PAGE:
(Reuters) - The Swiss National Bank reported a first half loss of 95.2 billion Swiss francs ($100.08 billion) on Friday, the biggest six month loss posted by the central bank since it was set up in 1907.
The SNB's results were hit by stock market declines, falling bond prices and the franc's appreciation which severely dented the value of its massive foreign currency holdings.
The result was dragged down by the second quarter, where the SNB reported a loss of 62.4 billion francs, which was also its worst quarterly performance on record.
During the half year, the SNB made a loss of 97.4 billion from its foreign currency positions, while it made a 2.4 billion franc profit on its gold holdings.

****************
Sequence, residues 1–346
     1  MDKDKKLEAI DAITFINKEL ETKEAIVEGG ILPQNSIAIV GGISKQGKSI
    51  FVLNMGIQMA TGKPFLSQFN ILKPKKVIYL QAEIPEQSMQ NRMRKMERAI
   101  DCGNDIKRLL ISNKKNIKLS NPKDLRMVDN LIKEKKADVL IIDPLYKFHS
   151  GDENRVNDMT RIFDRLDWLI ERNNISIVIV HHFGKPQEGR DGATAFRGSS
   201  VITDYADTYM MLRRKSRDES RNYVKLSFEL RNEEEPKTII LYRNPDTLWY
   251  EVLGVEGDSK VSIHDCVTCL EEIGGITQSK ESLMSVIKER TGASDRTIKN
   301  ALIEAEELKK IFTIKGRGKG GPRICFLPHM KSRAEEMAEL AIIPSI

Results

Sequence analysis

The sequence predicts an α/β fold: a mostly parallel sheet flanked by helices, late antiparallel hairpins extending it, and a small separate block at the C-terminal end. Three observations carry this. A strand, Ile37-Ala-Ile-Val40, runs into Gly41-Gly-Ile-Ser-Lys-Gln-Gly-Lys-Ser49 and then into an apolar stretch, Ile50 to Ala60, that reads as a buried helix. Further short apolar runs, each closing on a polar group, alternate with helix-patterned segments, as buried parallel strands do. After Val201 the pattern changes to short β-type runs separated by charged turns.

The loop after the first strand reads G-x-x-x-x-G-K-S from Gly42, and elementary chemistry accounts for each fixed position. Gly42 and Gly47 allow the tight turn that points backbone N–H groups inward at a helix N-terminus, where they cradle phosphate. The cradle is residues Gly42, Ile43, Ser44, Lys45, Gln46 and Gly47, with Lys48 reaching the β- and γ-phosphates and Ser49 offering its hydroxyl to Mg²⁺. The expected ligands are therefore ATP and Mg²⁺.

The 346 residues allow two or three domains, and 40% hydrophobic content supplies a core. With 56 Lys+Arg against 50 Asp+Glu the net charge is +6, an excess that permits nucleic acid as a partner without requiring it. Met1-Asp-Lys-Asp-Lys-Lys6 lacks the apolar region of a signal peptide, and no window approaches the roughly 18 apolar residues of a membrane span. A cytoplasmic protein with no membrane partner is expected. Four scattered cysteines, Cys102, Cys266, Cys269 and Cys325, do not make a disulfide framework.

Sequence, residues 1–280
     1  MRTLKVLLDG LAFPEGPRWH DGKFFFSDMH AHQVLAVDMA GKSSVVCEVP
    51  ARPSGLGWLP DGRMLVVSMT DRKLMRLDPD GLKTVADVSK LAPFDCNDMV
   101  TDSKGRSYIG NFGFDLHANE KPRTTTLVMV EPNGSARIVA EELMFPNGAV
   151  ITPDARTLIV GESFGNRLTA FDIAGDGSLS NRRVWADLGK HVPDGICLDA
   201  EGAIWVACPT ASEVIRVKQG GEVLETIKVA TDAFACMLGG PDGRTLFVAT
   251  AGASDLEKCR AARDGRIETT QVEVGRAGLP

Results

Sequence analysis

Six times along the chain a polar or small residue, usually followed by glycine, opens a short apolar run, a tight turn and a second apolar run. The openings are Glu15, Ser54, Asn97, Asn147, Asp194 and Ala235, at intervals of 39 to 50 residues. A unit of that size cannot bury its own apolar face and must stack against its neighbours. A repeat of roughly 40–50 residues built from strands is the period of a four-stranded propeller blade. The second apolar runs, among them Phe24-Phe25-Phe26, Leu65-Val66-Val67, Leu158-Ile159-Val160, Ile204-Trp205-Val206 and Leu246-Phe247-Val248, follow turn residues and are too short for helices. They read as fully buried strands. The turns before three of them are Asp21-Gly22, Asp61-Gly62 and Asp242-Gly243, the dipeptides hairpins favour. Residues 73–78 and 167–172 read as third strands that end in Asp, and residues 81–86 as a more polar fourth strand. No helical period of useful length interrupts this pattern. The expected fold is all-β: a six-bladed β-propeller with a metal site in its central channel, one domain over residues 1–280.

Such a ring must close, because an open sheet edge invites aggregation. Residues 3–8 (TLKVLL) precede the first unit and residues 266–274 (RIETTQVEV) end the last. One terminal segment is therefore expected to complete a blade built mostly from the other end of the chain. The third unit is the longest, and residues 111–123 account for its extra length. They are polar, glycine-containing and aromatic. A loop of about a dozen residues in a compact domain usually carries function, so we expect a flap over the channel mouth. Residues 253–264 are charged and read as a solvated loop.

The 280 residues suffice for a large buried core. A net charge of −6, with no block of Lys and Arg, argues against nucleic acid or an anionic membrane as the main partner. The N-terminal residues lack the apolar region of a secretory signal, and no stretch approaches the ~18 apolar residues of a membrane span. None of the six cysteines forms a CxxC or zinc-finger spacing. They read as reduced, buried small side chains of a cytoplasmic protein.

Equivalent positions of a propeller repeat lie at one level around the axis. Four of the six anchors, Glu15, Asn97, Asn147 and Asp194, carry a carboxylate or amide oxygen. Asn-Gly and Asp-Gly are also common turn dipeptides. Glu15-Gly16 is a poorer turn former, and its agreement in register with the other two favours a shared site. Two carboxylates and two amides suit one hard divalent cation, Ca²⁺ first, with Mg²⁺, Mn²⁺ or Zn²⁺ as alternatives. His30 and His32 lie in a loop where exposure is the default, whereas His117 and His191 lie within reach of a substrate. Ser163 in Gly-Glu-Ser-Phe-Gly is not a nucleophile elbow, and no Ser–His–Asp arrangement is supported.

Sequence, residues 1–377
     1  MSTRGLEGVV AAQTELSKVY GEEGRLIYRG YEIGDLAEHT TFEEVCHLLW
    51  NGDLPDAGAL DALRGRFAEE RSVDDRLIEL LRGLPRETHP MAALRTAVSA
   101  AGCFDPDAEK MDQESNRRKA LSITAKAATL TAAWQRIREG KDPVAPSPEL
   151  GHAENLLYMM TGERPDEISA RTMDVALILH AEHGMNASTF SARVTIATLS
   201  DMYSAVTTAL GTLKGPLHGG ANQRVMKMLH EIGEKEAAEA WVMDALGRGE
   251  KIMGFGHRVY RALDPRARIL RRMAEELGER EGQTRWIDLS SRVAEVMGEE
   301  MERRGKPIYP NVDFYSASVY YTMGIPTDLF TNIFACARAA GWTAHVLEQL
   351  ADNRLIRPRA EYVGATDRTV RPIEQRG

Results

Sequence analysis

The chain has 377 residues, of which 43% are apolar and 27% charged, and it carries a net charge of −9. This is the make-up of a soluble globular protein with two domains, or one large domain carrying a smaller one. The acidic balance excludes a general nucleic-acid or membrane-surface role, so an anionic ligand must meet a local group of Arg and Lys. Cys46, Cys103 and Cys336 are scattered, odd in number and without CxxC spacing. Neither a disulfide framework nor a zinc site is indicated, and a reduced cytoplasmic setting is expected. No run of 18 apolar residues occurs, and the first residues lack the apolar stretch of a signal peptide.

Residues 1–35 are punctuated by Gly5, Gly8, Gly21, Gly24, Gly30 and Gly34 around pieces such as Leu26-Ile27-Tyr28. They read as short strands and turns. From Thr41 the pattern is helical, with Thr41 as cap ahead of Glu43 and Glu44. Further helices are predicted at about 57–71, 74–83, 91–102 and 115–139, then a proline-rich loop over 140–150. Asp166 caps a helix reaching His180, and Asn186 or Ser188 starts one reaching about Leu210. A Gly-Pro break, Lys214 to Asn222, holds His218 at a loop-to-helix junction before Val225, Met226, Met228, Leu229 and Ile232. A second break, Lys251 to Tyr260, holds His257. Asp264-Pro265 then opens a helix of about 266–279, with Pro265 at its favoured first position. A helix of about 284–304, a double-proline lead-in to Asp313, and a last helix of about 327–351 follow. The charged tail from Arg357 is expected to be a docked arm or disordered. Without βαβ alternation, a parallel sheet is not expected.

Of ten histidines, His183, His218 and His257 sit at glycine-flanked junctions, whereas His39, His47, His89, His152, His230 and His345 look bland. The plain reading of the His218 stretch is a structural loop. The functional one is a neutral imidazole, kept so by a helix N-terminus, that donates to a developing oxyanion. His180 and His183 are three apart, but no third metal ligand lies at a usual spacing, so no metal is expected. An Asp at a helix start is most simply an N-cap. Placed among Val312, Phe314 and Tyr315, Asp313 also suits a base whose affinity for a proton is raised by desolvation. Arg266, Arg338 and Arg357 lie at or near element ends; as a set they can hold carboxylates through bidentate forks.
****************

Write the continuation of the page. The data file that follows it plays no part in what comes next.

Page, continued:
Falling stock markets meant the SNB reported a 44 billion franc valuation loss on the equities it holds, while rising bond yields meant it suffered a 48.7 francs billion loss in the value of its fixed income investments.
The paper loss was worsened by a 10.3 billion loss due to exchange rates.
The Swiss franc has risen in value past parity versus the euro in recent weeks after the SNB ditched its policy of limiting the currency's appreciation and raised its interest rate to tackle resurgent Swiss inflation.
SNB Chairman Thomas Jordan said last year that making profits was not the SNB's aim and would not affect its monetary policy goal of price stability - keeping inflation under 2%.
"The SNB's monetary policy mandate always takes precedence, and there can also be times when fulfilling this mandate means accepting losses," he told the bank's shareholders in April 2021.